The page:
ALARMING NUMBER OF EXPLOSIVES IN ADEN
The area is not yet clear of explosives, it warned, though some roads – including the main road to Zunjubar – and a number of residential neighborhoods are now safe.
“Seven displaced children were injured in Al-Qadisea school in Aden a few days ago, the children were playing with an explosive object,” said Qaid Saleh, director of the (YEMAC) Aden branch. He added that the vast majority of explosive objects reported and retrieved were locally made and thus more dangerous.
Since May, around 100,000 people fled from Abyan to Aden and Lahj due to the violent clashes between the state, militant groups, and Islamic militias who took over different districts in Abyan governorate. Those Internally Displaced People (IDPs) have been placed with host communities as well as public schools and other premises in Aden and Lahj. According to YEMAC, some have brought armory and explosive materials into the host communities.
In response, YEMAC has devised a comprehensive plan to undertake a massive public education and awareness campaign in response to the community needs in partnership with civil society and humanitarian partners.
Gustavo Gonzalez, UNDP/Yemen senior country director, told the Yemen Times that they are supporting YEMAC’s efforts in the campaign, stating that the UNDP is supporting the establishment of a network for Mine Risk Education compromising of local NGOs and international humanitarian partners under the leadership of YEMNAC. This network aims at targeting 200,000 people affected by conflict to help them become aware of the dangers and mitigating the risks in dealing with mines and unexploded ordinance.
A new level of threat
According to Saleh of YEMAC, the militant groups implant mines and explosive devices randomly and in unpredictable locations. He stated that if the mines were implanted in a more strategic pattern, mine clearance and disposal would be an easier job. “The danger is high now that some IDPs have returned to Abyan, as they are actually in areas that mines were implanted in,” he added.
Evidently, some of the IDPs in Aden who have been repatriated to Abyan are now at risk of losing their lives due to the random blasts and mines, hazardous and unexploded ordinances.
The YEMAC does not have clear maps on the risk areas with mines or that have witnessed conflict. These areas are also considered unsafe due to the continued presence of militant groups’ and the likelihood of a relapse into conflict.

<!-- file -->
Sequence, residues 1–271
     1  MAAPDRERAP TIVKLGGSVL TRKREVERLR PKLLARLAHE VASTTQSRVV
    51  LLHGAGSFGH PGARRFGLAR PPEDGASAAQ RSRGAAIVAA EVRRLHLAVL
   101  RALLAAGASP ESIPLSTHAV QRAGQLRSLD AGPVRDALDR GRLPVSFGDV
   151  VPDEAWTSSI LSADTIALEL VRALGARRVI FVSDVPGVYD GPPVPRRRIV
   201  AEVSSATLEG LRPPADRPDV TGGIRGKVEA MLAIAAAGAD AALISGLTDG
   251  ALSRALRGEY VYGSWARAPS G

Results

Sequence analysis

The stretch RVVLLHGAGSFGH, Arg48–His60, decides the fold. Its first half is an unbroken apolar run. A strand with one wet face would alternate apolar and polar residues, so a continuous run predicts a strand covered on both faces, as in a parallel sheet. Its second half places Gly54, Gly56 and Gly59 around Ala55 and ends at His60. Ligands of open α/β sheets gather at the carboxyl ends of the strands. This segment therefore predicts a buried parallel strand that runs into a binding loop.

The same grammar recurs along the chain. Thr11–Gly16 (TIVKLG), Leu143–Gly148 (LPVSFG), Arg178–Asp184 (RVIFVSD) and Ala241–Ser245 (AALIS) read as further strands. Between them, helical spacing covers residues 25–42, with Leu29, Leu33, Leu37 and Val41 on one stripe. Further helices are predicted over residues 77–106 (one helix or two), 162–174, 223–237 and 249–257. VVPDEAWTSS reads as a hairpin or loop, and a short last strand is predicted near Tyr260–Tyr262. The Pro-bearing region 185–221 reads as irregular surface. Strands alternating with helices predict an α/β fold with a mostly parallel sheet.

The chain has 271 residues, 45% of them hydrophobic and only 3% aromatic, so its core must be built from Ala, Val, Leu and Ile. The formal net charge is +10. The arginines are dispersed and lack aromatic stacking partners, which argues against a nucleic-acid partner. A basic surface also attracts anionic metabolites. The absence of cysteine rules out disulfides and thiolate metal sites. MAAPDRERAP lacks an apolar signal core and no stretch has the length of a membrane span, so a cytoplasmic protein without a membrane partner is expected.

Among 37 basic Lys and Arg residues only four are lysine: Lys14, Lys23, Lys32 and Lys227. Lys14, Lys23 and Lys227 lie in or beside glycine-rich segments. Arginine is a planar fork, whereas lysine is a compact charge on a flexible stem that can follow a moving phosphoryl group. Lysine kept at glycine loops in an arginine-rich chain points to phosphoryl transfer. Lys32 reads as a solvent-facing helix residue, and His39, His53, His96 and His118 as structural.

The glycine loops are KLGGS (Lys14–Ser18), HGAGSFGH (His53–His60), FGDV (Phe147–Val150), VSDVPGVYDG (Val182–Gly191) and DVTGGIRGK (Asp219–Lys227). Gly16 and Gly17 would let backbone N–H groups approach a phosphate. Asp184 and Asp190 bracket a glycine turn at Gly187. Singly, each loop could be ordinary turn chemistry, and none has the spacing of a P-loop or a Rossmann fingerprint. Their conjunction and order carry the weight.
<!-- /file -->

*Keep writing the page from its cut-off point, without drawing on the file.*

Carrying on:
Clearing risks, rebuilding lives
Saleh further indicated that the clearance of the road between Aden and Abyan included significant risks for the clearance teams, but it was a priority given that this road is like a life vain for the communities across the governorates of Aden and Abyan. He added that before the road was cleared, many displaced people who tried to get from Zunjubar to Aden or vice versa were at risk of losing their lives due to the random fights in the alternative road – which includes an eight-hour drive across conflict areas in Abyan and Lahj.
Abdullah Sarhan, a member of the clearance team at YEMAC, Aden, told the Yemen Times that working on clearing Abayn’s road is like “being in the middle of a battle”.
“One of our colleagues was killed and another six were injured,” said Sarhan, “this is how we work.” The team consists of seven groups that work in coordination with a military force ensuring that the road is safe and not targeted during the clearance operation. Once the explosive remnants are collected they are disposed of them by professional means.
Despite the risks and costs, the YEMAC teams seem persistent in continuing their work in the governorate. The clearance also helped the delivery of humanitarian aid and foodstuffs into the governorate, particularly through local residents and informal social welfare networks.
Gonzalez has praised the work of YEMAC, stating that Yemen is one of the few countries in the world having a strong and reliable national Institution [YEMAC] dealing with mine-related activities.